I don't know if we really planned on renovating a 1945 bungalow, but here we are. Since moving here in early December, 2020, we have worked nearly full-time on unpacking, organizing and, ultimately, renovating our new home in
Since we're both IT professionals, setting up a home office was a priority. First we had to get rid of the awful beige shag carpeting.
Since the subfloors are concrete, we went with LVT ("luxury vinyl tile").
For safety reasons, during installation the cats and me lived in the RV, while Dennis took care of some last-minute business in Tucson. The cats were NOT IMPRESSED.
With the floors done, we moved on to surface prep and painting.
I am using exclusively colors from the Benjamin Moore "Affinity Colors" group, and this one is called "citrine".
Next up was the bedroom.
A major obstacle here was that one wall was covered with painted vinyl wallpaper. It took two full days to scrape it off.
From December 5 until our house sold and we brought over the last load from Tucson on December 29, we slept on a pile of rugs, blankets and sleeping bags.
When at last the floors were done, the walls were painted, and our furniture arrived, it was a real treat. BTW that color is "Fiji".
The "Guest" Bathroom
The "guest bathroom" was a sad little hallway with no door next to the laundry room, with broken plywood cupboards and two-tone gray walls. We repaired and painted the cupboards, installed new knobs and painted the walls "kalamata".
Now that room is just desperately in need of a bathtub. In the front yard, we found a cast iron tub inside a rusted out stock tank, inside an old wooden hot tub &mdash: I called it the "turducken" — but it's too large for the guest bath.
Our friend Ann found a perfect 4½-foot tub in a neighbor's yard and we happily dragged it home. But it's missing its feet, and we continue to search for replacement
feet or some other method of supporting the tub.
While the search continues for replacement feet, we did the hopeful thing, steel brushing the outside and then applying many coats of butter yellow oil-based paint.
After months of searching, we decided to spring for the so-called "universal clawfoot tub replacement foot kit". But it doesn't fit this tub,
and the vendor charges a $200 restocking fee. Back to the drawing board.
I'm not showing any "before" pictures of the backyard since it looked too much like the set for a "Dukes of Hazard" episode. But here's the near backyard, after I removed a huge pile of rocks and shoveled a ton of pea gravel.
One of the largest rooms in the house is the giant former pantry, a jumble of shelves separated from the living room by a completely unnecessary hallway.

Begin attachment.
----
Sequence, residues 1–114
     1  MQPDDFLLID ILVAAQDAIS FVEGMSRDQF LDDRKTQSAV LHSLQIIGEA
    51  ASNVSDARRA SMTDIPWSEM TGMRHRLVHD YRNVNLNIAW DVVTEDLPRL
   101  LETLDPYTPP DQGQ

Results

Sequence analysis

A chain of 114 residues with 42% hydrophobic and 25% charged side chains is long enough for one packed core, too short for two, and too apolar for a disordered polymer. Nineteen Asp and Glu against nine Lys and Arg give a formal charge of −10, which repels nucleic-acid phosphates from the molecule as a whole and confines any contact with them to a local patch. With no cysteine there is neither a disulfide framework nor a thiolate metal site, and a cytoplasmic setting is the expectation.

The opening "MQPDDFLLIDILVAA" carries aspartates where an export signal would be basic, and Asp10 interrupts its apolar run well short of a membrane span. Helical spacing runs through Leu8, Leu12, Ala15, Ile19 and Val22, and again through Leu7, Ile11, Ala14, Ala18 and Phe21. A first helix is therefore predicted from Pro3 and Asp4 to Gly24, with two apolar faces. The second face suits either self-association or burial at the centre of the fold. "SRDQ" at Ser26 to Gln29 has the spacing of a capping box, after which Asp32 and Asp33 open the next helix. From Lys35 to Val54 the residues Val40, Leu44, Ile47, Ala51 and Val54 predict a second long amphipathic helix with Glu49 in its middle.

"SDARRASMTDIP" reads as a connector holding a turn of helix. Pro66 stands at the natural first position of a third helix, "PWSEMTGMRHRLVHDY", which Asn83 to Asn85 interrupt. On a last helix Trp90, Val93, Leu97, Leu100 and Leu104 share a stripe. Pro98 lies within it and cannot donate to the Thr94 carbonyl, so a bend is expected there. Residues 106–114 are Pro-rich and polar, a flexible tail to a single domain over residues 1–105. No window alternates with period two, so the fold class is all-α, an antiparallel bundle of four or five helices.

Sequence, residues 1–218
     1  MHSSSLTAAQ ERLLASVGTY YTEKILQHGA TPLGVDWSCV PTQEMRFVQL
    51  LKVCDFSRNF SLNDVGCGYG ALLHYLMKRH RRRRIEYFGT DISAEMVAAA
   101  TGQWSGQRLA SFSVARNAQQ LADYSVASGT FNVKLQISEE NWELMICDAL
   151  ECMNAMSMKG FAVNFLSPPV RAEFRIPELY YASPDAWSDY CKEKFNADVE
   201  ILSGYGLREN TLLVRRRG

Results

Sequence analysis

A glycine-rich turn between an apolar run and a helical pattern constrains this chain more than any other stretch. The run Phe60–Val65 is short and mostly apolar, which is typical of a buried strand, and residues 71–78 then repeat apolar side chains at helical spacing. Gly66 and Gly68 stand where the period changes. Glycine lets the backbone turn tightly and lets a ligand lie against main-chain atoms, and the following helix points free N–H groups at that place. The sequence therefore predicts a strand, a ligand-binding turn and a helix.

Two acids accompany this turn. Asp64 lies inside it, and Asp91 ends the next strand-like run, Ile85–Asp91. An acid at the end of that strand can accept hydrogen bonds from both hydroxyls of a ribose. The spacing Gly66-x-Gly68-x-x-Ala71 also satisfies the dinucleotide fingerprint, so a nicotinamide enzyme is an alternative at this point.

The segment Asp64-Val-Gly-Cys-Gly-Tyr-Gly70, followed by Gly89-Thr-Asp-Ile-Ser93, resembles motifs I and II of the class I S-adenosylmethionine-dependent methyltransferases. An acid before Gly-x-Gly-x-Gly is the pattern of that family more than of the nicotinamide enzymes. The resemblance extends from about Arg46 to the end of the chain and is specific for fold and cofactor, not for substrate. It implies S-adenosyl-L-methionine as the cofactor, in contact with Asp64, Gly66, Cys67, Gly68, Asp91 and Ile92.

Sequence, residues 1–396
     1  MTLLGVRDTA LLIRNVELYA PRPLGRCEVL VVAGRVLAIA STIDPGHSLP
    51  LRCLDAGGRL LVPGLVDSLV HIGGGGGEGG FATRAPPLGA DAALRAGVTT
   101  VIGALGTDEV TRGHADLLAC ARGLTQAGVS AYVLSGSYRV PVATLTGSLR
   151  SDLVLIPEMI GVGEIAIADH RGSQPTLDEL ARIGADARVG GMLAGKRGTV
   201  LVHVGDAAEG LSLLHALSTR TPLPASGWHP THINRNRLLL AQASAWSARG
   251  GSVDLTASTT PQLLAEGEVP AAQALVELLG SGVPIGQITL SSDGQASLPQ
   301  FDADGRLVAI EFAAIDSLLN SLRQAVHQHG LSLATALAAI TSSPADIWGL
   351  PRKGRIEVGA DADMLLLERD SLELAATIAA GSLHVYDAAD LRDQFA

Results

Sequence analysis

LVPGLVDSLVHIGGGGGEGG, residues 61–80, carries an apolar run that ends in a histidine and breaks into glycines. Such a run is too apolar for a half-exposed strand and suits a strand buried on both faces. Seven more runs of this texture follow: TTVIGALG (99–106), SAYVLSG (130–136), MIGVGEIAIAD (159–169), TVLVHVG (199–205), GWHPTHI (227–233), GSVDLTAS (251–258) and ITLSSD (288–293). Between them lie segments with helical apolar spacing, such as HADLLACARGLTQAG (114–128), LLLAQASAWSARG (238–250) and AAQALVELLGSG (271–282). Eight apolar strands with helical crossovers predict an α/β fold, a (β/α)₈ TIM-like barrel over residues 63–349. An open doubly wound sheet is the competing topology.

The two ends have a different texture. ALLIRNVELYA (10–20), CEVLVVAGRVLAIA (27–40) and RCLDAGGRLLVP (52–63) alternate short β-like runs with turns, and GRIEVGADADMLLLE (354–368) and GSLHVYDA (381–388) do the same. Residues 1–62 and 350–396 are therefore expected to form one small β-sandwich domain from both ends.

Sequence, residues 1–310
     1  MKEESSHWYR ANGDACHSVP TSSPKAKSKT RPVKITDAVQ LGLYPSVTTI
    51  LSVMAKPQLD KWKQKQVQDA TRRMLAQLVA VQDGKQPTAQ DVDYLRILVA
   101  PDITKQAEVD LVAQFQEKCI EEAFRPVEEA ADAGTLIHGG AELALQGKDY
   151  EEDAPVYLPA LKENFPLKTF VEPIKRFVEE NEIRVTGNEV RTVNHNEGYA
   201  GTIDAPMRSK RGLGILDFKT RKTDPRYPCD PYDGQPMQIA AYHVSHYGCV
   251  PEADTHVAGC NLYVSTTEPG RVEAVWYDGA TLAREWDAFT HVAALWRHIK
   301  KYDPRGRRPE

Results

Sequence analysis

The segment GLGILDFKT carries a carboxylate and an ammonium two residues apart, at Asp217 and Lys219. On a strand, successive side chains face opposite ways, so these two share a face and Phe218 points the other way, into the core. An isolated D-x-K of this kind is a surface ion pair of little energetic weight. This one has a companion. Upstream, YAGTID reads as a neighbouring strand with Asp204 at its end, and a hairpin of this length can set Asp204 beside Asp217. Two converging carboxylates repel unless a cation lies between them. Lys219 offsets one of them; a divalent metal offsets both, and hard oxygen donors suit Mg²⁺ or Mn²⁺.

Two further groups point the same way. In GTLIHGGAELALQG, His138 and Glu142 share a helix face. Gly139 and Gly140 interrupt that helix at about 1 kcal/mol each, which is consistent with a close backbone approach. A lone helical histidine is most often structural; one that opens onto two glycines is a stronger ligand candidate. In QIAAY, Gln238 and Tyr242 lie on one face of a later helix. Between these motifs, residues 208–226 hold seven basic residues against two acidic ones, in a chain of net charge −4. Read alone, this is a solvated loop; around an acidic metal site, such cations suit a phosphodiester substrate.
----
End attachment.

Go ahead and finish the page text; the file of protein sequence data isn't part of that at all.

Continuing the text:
I started tearing down those shelves the day we closed on the house.
But behind the shelves were walls covered in painted fake wood paneling, and who knows what else?
One of the downsides of living in Silver City is a shortage of skilled tradespeople. After waiting two months for an ESTIMATE, we decided to do the demolition ourselves.
During a cold snap that kept us indoors, we removed the drop ceiling, the redundant wall and the nasty fake wood paneling. To our great surprise, underneath the paneling was good sheetrock
that was never taped nor textured. It may make the path forward much easier! Now the question is what to do with newfound space,
which is a great problem to have in a small house!
In early February, we finally found a multi-talented builder who was willing to work with us, and we really picked up the pace. After we rewired the room, Jason replaced the two layers of
acoustic tile with a new
sheetrock ceiling, and taped and textured the walls.
With new trim, track lighting and a fresh coat of paint. What a transformation!
The project room, with a new floor and an old-school brass handle for the dungeon #1 hatch. It's great to have one room — with a fabulous floor — that's available for yoga,
sewing, assembling a ceiling fan or whatever else needs doing.
The Living Room
The living room was one of the biggest challenges, with walls covered in painted and papered 70s-vintage wood paneling. We knew that for this room, we would have to go down to the studs.
On Valentine's Day, we woke up to horizontal snow and howling wind! It snowed on and off for the next two days. Since it was too cold
to hike, why not destroy the living room?